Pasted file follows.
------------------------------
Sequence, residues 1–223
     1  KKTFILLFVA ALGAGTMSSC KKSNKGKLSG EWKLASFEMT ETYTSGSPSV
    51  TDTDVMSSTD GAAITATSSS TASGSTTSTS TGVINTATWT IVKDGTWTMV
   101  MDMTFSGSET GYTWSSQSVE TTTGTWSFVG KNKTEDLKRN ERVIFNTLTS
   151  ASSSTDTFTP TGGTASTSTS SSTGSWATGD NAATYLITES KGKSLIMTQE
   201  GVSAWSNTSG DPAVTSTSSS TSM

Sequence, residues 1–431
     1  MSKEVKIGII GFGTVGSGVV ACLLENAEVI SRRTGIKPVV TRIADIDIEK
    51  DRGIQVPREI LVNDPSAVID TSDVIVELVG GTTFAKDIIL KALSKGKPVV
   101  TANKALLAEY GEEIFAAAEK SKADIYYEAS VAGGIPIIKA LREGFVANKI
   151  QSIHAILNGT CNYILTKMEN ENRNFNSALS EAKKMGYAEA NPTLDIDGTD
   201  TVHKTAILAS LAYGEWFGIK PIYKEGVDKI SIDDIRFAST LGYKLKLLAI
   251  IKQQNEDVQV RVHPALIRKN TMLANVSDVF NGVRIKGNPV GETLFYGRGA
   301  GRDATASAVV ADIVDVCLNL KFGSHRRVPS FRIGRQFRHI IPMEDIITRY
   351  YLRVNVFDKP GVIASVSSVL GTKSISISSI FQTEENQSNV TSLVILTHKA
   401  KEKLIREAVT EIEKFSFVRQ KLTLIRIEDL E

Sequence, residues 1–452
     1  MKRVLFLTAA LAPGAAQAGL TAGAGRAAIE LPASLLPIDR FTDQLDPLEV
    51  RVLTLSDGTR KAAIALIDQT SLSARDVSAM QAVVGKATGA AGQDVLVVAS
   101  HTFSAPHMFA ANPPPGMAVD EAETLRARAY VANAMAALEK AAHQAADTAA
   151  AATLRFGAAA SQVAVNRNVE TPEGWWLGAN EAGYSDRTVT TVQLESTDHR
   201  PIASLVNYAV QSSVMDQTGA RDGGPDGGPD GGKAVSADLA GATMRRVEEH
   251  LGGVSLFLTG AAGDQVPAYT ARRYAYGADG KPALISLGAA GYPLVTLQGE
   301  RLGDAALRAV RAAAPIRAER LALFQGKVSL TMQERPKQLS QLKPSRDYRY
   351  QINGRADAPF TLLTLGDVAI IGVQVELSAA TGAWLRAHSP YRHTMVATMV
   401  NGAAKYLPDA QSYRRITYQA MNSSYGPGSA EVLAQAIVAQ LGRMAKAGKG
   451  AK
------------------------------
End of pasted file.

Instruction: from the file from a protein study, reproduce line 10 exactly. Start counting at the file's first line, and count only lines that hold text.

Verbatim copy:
   101  TANKALLAEY GEEIFAAAEK SKADIYYEAS VAGGIPIIKA LREGFVANKI